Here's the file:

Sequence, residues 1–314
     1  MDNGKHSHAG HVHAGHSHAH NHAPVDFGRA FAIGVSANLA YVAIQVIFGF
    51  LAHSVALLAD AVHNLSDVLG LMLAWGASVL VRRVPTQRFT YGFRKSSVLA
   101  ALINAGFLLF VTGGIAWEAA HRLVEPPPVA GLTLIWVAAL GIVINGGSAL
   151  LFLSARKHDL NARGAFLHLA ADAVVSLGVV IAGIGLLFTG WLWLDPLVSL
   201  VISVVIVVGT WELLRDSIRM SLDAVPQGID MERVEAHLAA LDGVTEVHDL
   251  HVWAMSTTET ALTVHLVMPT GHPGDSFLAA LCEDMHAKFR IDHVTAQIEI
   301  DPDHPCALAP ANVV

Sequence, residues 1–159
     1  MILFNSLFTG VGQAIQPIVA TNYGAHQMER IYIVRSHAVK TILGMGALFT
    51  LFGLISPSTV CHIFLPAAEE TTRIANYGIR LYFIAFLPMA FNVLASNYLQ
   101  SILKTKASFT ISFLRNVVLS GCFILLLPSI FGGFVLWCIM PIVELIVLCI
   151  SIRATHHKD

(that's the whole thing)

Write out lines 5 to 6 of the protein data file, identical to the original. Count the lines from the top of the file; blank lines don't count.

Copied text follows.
   151  LFLSARKHDL NARGAFLHLA ADAVVSLGVV IAGIGLLFTG WLWLDPLVSL
   201  VISVVIVVGT WELLRDSIRM SLDAVPQGID MERVEAHLAA LDGVTEVHDL